In mid-to-late March, flood water covered much of eastern Nebraska, western Iowa, and northern Missouri. Due to the extreme amount of water in the area, members of the U.S. Army Corps of Engineers, Omaha District had trouble getting to the more than 500 miles of compromised levees to surveille for damage so they turned to a new option to the Omaha District....drones.Drones, or unmanned aerial systems, offer the District the opportunity to fly over affected levees and other flooded areas without putting District employees in danger.
"Anytime we send District personnel out to survey an area, there is a chance for something to happen...be it getting stuck in the mud, fall into the water or be affected by other hazards," said Jon Kragt, Omaha District Chief of Surveys, Mapping, and GIS. "Surveying by unmanned aircraft offers the District an expedient and accurate option to gather data that can very quickly be transferred to our District engineers to process."In addition to surveying levees, the District's unmanned aircraft offer direct observation capabilities, photography, videography, measurement, inspections, surveillance and 3D modeling.Dam or bridge inspections are also opportunities for drone usage. The pilot will fly a multi-rotor aircraft along the face of a dam or bridge observing for cracks or other potential issues removing the requirement for a person to do the same. Due to the deep water at a dam's face, it can be timely and costly for a person to set up the equipment to observe the dam face. Utilizing an unmanned aircraft removes the person from the potentially dangerous situation. The aircraft pilot can stand safely away from the water to observe, and upon completion there is photo and video evidence for people to reference.The Omaha District currently owns and flies multi-rotor and fixed-wing aircraft. The multi-rotor aircraft, quad-copters, allows unmanned pilots the opportunity to fly smaller, tighter areas and still complete all of the missions previously mentioned. Battery life is shorter than the fixed-wing aircraft but the multi-rotor gives the pilot the ability to hover and fly backwards to closely observe the mission.The fixed-wing aircraft fly faster and longer than the multi-rotor so missions can be planned over a greater distance. A typical flight for a fixed-wing can cover more than 100 acres in just over an hour, dependent on weather and other mitigating factors, such as the weight of a camera. Because the fixed-wing aircraft generates its own lift across the wings, the battery life is extended when compared to the multi-rotor. However, missions can be larger than the battery life of either aircraft because both allow battery changes mid-mission.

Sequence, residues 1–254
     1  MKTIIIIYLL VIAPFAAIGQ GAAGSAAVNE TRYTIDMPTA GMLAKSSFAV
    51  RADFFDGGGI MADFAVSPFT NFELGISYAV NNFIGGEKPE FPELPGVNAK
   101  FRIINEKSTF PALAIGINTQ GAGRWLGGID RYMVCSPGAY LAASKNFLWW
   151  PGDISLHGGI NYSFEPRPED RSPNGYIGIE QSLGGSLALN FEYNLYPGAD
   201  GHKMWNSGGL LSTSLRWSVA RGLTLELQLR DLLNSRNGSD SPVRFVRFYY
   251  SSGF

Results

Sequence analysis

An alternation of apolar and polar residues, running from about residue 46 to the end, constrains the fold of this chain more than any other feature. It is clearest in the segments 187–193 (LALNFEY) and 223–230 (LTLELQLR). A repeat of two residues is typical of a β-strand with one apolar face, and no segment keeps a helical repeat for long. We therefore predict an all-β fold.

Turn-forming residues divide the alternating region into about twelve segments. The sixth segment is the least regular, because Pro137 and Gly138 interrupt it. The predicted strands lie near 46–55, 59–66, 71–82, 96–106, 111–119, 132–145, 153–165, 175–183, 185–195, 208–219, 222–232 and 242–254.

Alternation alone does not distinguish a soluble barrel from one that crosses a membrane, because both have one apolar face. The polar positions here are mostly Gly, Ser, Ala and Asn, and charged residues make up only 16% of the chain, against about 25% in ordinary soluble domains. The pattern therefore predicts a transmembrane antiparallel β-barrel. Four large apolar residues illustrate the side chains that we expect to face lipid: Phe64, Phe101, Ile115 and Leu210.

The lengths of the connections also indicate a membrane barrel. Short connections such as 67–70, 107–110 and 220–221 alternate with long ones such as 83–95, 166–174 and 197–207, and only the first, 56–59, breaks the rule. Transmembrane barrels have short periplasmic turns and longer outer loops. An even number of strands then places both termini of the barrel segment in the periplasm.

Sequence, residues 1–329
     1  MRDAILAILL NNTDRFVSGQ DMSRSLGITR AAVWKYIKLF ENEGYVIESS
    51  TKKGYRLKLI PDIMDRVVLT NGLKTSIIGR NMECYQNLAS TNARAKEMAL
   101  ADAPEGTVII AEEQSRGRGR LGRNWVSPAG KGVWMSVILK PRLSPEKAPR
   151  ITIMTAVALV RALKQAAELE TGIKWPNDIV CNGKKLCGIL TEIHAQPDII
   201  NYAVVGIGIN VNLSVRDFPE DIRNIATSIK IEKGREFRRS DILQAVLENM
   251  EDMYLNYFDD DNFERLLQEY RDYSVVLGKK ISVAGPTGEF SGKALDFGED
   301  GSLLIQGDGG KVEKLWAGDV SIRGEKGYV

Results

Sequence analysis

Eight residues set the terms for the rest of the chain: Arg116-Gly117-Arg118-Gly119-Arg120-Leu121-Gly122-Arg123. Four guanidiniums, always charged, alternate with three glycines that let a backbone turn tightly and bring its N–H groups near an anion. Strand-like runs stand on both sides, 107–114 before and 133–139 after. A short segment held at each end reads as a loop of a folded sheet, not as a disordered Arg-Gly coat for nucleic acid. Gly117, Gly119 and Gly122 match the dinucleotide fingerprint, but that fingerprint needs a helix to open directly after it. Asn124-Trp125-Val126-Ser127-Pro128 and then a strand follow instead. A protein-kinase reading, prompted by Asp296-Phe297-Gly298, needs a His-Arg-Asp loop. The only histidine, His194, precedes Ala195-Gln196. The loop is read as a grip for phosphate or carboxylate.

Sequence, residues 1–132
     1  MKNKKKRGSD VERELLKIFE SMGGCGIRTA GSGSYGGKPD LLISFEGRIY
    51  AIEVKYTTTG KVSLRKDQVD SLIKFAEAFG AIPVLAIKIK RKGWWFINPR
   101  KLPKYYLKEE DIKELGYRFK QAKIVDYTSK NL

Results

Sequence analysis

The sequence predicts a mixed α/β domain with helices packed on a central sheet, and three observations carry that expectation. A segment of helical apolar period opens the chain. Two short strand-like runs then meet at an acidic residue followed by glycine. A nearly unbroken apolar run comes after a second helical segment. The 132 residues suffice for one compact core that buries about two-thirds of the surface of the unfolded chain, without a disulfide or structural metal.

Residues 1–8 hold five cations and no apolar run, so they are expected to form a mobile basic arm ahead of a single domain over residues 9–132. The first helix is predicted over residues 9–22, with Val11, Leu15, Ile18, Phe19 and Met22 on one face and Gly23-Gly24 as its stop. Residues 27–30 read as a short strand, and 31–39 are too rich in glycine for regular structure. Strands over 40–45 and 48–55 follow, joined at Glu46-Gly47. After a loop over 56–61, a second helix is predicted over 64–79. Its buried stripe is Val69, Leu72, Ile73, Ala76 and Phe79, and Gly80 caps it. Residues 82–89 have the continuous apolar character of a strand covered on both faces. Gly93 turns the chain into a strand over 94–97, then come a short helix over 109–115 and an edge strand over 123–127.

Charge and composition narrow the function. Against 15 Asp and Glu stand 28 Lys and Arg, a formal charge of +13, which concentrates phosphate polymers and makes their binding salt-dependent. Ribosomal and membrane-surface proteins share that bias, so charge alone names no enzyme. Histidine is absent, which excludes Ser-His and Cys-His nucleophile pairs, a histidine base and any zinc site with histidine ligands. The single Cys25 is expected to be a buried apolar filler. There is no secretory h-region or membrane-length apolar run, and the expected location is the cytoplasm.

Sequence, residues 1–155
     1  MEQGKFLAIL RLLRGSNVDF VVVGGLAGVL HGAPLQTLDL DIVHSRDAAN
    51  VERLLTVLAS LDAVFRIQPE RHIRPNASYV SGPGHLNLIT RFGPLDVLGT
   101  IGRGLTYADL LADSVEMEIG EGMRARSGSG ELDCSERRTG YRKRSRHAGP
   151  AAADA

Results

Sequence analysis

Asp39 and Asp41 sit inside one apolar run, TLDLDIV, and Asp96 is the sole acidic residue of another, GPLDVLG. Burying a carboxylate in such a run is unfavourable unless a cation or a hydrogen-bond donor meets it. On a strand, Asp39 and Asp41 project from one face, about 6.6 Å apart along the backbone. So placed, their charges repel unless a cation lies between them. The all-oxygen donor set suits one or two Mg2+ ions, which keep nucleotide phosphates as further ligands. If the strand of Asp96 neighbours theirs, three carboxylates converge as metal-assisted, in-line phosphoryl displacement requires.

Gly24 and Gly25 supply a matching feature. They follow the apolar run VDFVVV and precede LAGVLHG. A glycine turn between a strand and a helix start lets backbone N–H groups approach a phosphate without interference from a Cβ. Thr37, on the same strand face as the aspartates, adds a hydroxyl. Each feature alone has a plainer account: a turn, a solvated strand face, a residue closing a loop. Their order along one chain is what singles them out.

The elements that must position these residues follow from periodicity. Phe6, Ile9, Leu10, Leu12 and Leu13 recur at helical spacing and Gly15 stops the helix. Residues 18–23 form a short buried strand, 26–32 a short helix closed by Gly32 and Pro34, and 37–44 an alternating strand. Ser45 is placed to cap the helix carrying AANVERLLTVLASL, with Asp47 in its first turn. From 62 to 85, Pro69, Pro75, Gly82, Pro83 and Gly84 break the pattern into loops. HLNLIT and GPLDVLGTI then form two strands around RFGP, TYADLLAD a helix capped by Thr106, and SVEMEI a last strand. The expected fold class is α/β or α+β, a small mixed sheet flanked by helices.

"Through our computer, we continually monitor the aircraft during flight, especially the battery capacity. If battery power begins to drop, we will bring the aircraft back to the home waypoint, land it, and install a new charged battery," said Jeff Cowman, District UAS pilot and Aircrew Training Program Manager. "After the install, we relaunch the aircraft and send it to continue the mission it was already assigned and performing."The Omaha District UAS section continues to develop their program but haven't done it alone. When the flood occurred in March, the District reached out to USACE Headquarters Aviation for assistance. HQ Aviation were quick to respond and within 24 hours of receiving Omaha's request, HQ sent one of their own, as well as experienced pilots from across the Corps-and additional aircraft to ensure the Omaha District was able to meet the flying requirements brought about by the flood."HQ Aviation's quick actions helped the Omaha District UAS program get out in front of the flood recovery effort," said Lt. Col. James Startzell, Deputy District Commander. "When weather allows for unmanned flights, the products provided to the District from the UAS team add great value to the levee rehabilitation program. There is still a lot of work ahead to fully realize UAS capabilities and our team will continue to leverage the HQ UAS team whenever the mission calls for it."The Corps of Engineers has always been a leader in the use of advanced technology to get the job done, and as we usher in a new era, we are both "Building Strong", and flying strong.